Trends are telling: Detecting and learning from patterns and trends in data

Sheila Kennedy says enable operational improvements through pattern recognition and discovery tools.

By Sheila Kennedy

Detecting and learning from patterns and trends in data, processes, and asset conditions allows organizations to improve their production processes and maintenance practices. The challenge plants face is how to process the massive volume of available data, seeing through the noise and uncovering actionable intelligence. The rapid growth in devices and systems that make up the Industrial Internet of Things (IIoT) is heightening the complexity of the task.

Process optimization

Process engineers have historically had a tough time identifying patterns in operations and production environments. Data pattern discovery can lead to both incremental and disruptive process optimization and improvement, says Richard Beeson, CTO at OSIsoft. Falkonry and OSIsoft have partnered to simplify and accelerate signal data pattern identification and condition recognition with Falkonry Service.

“With technologies like Falkonry Service that provide real-time pattern recognition across complex processes, we empower our process engineers to impact process operations through early awareness of known good or bad states and, more importantly, new or unknown operating states,” explains Beeson.

TrendMiner aims to simplify the mining of massive amounts of data generated in process manufacturing with its patent-pending pattern recognition and machine learning technologies. The plug-and-play solution delivers big data search and predictive analytics for industrial process measurement data. It connects easily to existing data sources and is designed for use by the average historian user – no data scientists or big data infrastructure is required.

Maintenance optimization

Machine learning technology is revolutionizing how plant maintenance is performed. With Mtell Smart Machines, pattern recognition is used to “make machines smart.” In other words, it enables them to identify normal as well as abnormal behaviors and alert Maintenance to issues before they cause problems.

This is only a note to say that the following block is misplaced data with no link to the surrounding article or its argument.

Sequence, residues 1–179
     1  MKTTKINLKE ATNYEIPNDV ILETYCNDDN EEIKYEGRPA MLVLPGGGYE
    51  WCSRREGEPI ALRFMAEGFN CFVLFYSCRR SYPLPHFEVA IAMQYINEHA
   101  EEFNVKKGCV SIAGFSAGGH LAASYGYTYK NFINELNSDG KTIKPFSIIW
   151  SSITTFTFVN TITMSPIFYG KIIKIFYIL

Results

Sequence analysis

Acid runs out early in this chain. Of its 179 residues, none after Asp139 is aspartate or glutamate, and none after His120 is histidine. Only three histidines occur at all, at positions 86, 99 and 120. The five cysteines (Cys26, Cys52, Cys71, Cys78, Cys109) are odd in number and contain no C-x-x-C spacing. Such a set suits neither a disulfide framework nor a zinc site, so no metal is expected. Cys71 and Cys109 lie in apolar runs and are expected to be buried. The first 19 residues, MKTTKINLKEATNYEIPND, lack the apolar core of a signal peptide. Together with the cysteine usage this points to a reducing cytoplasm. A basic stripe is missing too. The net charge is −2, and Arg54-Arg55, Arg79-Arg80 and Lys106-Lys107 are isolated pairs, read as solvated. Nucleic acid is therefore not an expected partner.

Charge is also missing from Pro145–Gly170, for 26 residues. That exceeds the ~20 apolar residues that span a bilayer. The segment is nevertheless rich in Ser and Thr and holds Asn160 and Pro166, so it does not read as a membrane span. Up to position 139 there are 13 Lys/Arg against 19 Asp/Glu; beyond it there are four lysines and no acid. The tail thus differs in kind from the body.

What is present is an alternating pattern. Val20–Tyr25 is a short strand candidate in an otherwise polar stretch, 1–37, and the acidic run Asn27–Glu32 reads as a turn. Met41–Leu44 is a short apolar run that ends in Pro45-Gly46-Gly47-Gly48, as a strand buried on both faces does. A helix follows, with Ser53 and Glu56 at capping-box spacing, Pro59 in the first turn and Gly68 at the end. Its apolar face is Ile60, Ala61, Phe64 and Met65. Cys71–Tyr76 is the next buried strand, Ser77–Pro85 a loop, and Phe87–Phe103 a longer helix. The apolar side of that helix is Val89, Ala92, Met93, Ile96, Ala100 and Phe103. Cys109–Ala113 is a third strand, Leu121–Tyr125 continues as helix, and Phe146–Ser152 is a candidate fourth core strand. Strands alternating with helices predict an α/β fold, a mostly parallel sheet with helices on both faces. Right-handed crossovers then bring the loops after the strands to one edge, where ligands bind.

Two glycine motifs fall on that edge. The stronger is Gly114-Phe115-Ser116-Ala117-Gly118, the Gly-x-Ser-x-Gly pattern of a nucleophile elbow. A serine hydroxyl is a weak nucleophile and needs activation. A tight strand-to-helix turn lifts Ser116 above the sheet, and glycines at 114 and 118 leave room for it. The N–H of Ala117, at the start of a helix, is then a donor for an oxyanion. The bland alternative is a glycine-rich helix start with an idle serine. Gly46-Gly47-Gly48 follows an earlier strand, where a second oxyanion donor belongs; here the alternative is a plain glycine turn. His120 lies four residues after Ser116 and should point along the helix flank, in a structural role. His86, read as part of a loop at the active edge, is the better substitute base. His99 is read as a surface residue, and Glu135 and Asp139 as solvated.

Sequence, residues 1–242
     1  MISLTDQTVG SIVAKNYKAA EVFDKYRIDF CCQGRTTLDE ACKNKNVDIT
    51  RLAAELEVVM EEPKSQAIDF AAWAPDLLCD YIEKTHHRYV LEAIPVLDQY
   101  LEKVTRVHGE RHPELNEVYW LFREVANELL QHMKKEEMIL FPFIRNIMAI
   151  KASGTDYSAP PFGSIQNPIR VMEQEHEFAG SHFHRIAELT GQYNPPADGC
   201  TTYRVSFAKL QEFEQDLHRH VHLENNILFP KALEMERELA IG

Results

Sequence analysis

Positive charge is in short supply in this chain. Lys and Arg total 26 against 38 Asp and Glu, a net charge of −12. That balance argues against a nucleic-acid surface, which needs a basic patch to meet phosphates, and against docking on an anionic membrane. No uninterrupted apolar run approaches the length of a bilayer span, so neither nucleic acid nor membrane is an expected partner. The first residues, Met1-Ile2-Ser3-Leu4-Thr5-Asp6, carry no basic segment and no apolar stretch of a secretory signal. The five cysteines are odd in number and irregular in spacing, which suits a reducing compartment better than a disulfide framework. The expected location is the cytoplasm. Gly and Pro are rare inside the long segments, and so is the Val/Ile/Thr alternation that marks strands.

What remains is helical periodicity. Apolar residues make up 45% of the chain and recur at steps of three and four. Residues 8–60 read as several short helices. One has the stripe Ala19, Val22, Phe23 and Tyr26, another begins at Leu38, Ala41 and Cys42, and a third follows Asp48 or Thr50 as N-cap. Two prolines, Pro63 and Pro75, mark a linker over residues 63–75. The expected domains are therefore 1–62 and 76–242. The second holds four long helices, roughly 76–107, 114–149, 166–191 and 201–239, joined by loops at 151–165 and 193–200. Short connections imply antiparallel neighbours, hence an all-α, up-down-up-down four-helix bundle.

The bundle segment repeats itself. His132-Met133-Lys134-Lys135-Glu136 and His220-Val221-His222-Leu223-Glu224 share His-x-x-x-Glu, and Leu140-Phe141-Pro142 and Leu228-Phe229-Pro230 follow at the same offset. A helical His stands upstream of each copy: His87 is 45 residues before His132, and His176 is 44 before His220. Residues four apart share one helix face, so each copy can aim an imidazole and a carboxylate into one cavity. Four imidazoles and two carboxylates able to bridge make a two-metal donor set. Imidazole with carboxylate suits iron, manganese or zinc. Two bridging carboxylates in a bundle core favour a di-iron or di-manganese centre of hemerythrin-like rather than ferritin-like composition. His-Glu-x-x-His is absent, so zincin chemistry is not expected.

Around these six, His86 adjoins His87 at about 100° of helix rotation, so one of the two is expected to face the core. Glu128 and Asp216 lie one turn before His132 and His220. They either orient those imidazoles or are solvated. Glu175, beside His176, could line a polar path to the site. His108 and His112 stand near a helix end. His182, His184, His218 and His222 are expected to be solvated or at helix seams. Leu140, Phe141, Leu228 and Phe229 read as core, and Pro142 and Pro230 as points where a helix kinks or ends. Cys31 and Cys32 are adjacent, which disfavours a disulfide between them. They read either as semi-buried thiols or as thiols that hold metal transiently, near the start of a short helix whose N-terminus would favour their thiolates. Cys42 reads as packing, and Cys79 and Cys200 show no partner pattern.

“Discovering behavioral and failure patterns is only one step in preventing process and mechanical equipment degradation,” remarks Michael Brooks, President and COO at Mtell. “The real value comes from detecting a root cause from the earliest symptoms automatically, in real-time, along with prescriptive action to stop the damage from happening in the first place.”

Monitoring DCS signal patterns allows for proactive maintenance. Scientech’s Predictive Pattern Recognition (PdP) application for the power industry uses existing plant instrumentation available through installed DCS, data historian, and other data systems for early detection of abnormal operating conditions.

“The algorithm embodied in PdP produces accurate estimates of the expected values of sensors by utilizing models that have ‘learned’ the normal operation of the equipment based on its historical performance. The estimated values are compared to the real-time values to evaluate overall equipment health,” says James Brower, manager of Scientech Plant Optimization, Curtiss-Wright Nuclear.

For power generation plant performance and condition monitoring, the EtaPRO System from GP Strategies uses sensor history and advanced pattern recognition (APR) to detect anomalies in a system or process. “All plants suffer from faulty instrumentation that can blind operators to real problems,” suggests Richard DesJardins, Vice President of GP Strategies’ Performance Engineering Division.

A real and immediate benefit of EtaPRO APR is its ability to point to specific sensors that have poor indication or have failed altogether, thus allowing maintenance personnel to focus on known problems, says DesJardins. In addition to fostering instrumentation reliability, EtaPRO combines APR with advanced vibration signal analysis to provide early warning of conditions and fault symptoms that can lead to equipment failure.

Failure analysis

Performance improves when failure trends are spotted and fixed by reliability engineers. Inconsistent, overly general, or poorly defined work order problem codes such as “Other” obscure these trends. To make failure analysis faster and more accurate, Jeff Wahl, maintenance manager at Polar Field Services, developed TrendWords, a multilingual contextual search engine for computerized maintenance management systems. TrendWords uses contextual failure analysis (CFA) to highlight systemic failures in and across sites, facilities, systems, and equipment.

“Looking for a better way to trend work order failures led me to the idea of searching work order text in places like description fields for failure-related keywords,” says Wahl. TrendWords can query directly into the CMMS, making the data searchable to extrapolate failure trends. It works with any text, virtually without limits, including from multiple years and systems. The goal is to offer TrendWords as a service and/or a tool with training.

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